By the mid-1990s, after several years of research, word had begun to leak out about my interest in Ed Haley. Around the first of 1995, Bluegrass Unlimited ran a story that prompted Bob Hutchison, a musician from Alledonia, Ohio, to write me.
“I played with an old fella down in Athens county (Ward Jarvis) who had played a lot and learned a lot from Ed Haley,” he wrote. “He played banjo with Ed and learned a lot of his tunes when he was a young man. He said Ed was the best he’d ever seen. Ward was in his 70’s when I got to know him and he was no slouch himself on the fiddle. He said Ed was big on different tunings on the fiddle. I learned the Icy Mountain tune from Ward that he had learned from Ed. Other tunes I remember him crediting Ed with were Camp Chase, Jimmy Johnson, Three forks of Reedy. Banjo Tramp was another of Ed’s. Ward has been dead for several years… Ward was originally from Braxton Co. W.Va.”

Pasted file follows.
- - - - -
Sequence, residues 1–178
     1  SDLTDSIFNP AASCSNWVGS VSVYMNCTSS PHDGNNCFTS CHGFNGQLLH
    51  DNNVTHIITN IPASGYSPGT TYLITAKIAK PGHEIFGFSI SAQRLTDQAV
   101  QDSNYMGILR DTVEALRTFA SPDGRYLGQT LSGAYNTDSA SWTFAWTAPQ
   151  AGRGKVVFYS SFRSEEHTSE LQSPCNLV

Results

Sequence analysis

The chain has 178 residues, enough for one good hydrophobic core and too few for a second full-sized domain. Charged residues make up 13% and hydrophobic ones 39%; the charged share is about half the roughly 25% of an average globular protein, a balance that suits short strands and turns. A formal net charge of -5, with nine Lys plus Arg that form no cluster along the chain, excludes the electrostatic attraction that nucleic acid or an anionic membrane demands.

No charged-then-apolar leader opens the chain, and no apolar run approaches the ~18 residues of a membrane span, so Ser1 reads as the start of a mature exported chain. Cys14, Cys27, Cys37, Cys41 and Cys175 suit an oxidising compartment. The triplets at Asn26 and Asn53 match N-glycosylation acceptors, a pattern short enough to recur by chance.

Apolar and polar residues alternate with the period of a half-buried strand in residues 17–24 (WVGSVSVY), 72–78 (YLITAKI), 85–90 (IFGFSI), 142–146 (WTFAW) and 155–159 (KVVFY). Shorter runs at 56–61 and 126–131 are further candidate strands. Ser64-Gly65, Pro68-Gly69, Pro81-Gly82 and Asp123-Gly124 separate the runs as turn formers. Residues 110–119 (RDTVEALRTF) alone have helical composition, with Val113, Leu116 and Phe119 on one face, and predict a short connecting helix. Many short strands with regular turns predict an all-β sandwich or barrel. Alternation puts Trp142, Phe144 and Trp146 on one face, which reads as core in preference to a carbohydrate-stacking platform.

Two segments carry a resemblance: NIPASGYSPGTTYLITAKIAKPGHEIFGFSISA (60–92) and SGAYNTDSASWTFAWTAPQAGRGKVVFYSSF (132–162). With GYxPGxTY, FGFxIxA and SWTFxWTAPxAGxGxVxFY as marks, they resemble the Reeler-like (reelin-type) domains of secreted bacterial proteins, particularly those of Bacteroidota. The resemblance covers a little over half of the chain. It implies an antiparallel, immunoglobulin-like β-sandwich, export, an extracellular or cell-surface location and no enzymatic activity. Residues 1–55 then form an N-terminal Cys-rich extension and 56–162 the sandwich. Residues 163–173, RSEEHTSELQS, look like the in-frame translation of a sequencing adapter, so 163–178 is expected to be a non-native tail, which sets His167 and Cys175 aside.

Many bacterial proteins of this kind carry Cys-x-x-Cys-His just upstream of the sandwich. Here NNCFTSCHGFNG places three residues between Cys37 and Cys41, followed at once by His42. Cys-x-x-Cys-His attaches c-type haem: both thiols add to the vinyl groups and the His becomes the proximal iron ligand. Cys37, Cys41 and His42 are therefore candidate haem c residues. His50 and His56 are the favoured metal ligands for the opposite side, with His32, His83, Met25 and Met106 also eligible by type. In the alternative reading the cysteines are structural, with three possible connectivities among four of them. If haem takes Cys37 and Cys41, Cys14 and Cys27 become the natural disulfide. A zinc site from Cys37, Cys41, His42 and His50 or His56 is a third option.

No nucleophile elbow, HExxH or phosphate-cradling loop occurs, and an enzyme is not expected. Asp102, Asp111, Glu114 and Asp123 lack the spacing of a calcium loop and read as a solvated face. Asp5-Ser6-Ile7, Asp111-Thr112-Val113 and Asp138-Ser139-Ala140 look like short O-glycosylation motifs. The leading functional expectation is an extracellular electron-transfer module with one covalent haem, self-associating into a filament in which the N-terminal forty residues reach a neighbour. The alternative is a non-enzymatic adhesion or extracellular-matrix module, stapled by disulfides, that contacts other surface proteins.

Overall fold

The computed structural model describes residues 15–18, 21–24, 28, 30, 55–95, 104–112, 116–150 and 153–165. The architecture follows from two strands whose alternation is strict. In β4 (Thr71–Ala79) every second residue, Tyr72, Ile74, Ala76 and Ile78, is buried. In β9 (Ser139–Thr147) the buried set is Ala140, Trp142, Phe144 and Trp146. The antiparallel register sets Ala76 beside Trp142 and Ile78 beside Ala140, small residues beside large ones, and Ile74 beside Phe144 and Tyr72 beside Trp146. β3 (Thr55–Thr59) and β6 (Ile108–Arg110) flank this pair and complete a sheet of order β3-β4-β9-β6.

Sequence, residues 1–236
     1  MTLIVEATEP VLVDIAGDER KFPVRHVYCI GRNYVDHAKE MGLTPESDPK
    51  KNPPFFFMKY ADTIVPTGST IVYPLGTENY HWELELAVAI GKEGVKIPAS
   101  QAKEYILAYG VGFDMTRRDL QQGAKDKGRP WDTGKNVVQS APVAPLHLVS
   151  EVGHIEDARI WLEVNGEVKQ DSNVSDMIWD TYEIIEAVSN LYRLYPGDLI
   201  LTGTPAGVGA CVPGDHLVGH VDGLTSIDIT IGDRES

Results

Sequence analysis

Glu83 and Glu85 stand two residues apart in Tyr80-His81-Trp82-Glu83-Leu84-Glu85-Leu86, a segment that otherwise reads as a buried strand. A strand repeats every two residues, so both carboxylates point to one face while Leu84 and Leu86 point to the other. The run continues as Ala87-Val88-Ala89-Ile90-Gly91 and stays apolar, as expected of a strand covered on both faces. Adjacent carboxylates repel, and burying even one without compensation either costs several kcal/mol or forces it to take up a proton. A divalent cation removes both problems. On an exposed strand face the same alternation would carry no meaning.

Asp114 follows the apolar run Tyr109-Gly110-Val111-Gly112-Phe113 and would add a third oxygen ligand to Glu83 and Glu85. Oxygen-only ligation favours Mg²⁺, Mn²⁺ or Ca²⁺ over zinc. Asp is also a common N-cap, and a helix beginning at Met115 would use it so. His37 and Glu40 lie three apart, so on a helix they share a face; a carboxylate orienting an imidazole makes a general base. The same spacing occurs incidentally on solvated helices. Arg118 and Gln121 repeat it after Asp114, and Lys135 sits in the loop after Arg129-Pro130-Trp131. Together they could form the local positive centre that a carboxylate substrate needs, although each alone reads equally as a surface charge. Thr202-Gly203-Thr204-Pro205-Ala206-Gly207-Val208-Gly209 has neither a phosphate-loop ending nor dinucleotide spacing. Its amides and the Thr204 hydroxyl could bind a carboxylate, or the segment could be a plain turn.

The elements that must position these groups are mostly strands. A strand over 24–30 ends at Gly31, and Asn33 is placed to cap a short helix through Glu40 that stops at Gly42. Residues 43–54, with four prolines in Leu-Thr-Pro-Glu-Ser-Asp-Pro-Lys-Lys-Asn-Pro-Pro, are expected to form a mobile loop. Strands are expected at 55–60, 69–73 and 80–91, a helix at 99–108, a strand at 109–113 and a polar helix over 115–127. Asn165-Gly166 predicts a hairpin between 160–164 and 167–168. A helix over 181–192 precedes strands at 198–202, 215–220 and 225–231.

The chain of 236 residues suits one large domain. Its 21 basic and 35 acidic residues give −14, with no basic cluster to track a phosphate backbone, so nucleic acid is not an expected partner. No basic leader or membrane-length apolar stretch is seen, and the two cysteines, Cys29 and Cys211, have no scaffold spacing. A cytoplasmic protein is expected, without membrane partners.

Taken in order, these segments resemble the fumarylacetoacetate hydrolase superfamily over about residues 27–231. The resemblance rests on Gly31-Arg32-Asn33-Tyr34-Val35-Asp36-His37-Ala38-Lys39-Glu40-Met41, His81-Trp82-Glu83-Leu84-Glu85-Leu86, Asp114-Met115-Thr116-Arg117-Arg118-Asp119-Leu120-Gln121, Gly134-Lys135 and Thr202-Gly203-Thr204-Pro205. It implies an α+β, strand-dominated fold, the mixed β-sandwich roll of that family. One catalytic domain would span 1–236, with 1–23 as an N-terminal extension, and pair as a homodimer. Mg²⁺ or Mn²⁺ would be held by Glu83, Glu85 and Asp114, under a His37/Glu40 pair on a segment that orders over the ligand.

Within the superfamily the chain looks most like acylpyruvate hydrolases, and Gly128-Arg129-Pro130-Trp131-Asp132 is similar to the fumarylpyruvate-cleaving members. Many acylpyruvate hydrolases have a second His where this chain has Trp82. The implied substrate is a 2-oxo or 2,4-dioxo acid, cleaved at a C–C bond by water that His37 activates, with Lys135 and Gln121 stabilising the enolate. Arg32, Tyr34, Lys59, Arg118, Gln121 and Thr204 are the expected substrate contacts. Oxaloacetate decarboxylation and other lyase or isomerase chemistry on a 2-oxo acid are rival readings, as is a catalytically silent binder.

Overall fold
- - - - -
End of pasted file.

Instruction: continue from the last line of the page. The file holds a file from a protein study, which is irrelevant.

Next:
Ray Alden offered more information about Jarvis.
“In 1972 I went to Amesville, Ohio to visit instrument craftsman Ron Chacey,” he wrote. “Ron, on a very foggy night, brought me through some hilly back roads up to see Ward Jarvis, who had moved to the area in 1943 from Braxton County, West Virginia. Ward was 78 years old. I remember that special evening in which Ward played many unusual tunes, such as ‘Icy mountain,’ as well as a Kenny Baker Tune he had just learned from a record. It was lucky, since I didn’t have a tape recorder that evening, that Richard Carlin later went to tape Ward Jarvis [in 1976]. Old time musicians Dana Loomis and Grey Larson joined Richard and accompanied Ward at that session. Ward’s source for ‘Banjo Tramp’ was Ed Haley, who had a substantial influence over the Ohio River Valley Musicians in Ward’s younger days.”